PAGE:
Genome Projects and similar efforts are generating vast amounts of data, but many challenges still remain in sequencing and mappng of large genomes. Analysis of these data is also still in its infancy, and refined tools and methodologies are sorely needed. This project aims to provide mathematical and computational improvements in response to several key challenges in the assembly and analysis of genomic data, loosely categorized into mapping and sequencing, regulatory analysis, and discovery of sequence motifs.

Although algorithms for physical mapping and sequencing have been studied for years, there are still no fully satisfactory practical solutions to support current mapping and sequencing efforts as they move to newer technologies, longer and more repeat-rich targets, and dramatically higher throughputs. This project will algorithms and software for assembly of physical maps, with particular emphasis on increasing robustness and decreasing the need for human intervention. It also will investigate algorithms and analysis for novel sequencing strategies that have the potential to reduce cost and increase throughput, accuracy, and speed of sequencing and resequencing.

One of the central goals in molecular biology and genetics is to elucidate the function of genes. This goal is going to become more dominant as more raw genomic information accumulates. By observing the level of expression of a gene in different phases in the organism life cycle, different tissues, or different disease stages, one can get important clues to understanding the gene's role, with significant potential diagnostic and therapeutic applications. This project will provide analytical and algorithmic tools for several problems arising in gene expression analysis. In many cases, one cannot elucidate the functions of individual genes without attacking the more general problem of understanding regulatory pathways--systems of interacting genes and proteins controlling fundamental cellular processes. Again, the technology for gathering relevant data currently far outstrips the capabilities of computational tools for their analysis. This project will study algorithms for designing and interpreting expression array experiments involving gene knockouts and other perturbations that, in concert with a priori biological knowledge, allow putative pathways to be verified (or refuted) and perhaps even inferred.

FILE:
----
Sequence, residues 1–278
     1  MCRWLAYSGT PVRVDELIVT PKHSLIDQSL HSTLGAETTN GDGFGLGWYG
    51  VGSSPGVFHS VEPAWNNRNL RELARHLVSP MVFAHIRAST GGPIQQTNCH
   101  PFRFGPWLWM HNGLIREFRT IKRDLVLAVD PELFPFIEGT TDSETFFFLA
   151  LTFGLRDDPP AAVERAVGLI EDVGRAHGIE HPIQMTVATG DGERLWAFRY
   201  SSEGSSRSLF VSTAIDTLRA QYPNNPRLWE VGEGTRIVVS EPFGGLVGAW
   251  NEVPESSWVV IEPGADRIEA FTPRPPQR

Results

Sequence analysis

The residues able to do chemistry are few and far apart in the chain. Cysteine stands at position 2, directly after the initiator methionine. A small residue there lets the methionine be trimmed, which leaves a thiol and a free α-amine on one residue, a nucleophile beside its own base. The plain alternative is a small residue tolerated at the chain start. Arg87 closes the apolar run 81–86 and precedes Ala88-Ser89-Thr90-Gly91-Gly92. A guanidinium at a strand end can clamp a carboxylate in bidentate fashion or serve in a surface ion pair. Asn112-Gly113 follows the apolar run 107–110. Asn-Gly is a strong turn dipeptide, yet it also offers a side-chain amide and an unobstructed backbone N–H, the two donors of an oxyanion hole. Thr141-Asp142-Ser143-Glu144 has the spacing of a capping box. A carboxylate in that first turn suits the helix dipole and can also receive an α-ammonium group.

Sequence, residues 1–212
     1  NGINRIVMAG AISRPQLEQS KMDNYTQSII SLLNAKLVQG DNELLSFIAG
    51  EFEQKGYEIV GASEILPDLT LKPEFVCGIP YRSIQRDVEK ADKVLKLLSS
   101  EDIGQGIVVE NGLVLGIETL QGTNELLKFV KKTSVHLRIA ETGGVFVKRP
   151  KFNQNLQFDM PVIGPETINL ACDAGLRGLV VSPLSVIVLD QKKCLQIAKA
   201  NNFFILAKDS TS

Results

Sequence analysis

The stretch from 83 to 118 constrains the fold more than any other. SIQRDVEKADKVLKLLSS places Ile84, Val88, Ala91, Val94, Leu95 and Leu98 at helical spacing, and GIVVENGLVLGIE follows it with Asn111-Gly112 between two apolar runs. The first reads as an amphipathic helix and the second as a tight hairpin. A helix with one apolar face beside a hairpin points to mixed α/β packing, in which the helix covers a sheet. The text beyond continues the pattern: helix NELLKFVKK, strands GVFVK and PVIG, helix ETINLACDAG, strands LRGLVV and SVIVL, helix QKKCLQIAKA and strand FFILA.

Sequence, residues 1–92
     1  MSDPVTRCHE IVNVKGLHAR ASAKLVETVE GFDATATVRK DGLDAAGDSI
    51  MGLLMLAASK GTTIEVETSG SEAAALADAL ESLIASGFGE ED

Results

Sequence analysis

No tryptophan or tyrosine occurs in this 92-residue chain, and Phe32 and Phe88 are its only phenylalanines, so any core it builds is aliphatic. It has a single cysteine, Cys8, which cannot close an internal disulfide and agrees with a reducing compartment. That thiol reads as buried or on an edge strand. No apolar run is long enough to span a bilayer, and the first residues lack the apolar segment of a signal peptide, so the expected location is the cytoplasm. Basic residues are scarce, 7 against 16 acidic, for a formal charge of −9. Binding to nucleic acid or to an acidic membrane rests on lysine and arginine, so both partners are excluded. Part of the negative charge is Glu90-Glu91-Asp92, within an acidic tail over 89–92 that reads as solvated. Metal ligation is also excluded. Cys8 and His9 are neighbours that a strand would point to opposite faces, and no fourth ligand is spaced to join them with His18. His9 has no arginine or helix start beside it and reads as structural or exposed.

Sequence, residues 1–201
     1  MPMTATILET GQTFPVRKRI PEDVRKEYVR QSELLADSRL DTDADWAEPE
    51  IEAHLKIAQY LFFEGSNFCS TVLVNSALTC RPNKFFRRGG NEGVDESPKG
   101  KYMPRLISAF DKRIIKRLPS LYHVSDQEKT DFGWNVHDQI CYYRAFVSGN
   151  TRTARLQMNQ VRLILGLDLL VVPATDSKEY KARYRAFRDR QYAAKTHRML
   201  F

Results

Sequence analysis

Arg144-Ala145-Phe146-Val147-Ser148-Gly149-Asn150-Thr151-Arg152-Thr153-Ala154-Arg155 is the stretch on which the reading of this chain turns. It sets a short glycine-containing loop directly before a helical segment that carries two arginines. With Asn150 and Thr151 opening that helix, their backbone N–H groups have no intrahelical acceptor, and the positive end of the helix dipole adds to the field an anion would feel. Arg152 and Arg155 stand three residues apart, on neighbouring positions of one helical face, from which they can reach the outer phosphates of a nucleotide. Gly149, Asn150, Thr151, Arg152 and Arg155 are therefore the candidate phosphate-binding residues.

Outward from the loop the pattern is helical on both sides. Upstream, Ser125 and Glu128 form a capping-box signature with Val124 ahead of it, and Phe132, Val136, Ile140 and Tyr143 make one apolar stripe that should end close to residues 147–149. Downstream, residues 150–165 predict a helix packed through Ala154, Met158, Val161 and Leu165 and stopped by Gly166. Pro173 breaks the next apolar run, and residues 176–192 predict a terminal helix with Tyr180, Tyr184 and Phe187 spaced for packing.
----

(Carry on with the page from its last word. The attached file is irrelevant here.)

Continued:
Another area where data gathering capabilities outstrip those of our analytical tools is sequence analysis. A recurrent approach in sequence analysis is identification of sequence motifs--approximately repeated patterns in DNA or protein sequence data. Such similarities are often the key to identifying functionally important features such as protein binding sites on DNA sequences. As one example of the potential utility of such tools, they might help bridge an important gap in regulatory studies such as those outlined above. When analysis of expression array data reveals large sets of coregulated genes, a natural next step is to look for common motifs in regions near these genes, potentially binding sites for regulatory proteins. Identification of these proteins would then suggest dependencies in the regulatory pathways for the genes under study. This project will study key problems related to finding motifs and assessing their statistical significance, including subtle sequence signals involving long patterns with inserted and deleted residues.

National Science Foundation (NSF)
Division of Biological Infrastructure (DBI)
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Gerald F. Guala
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University of Washington
United States
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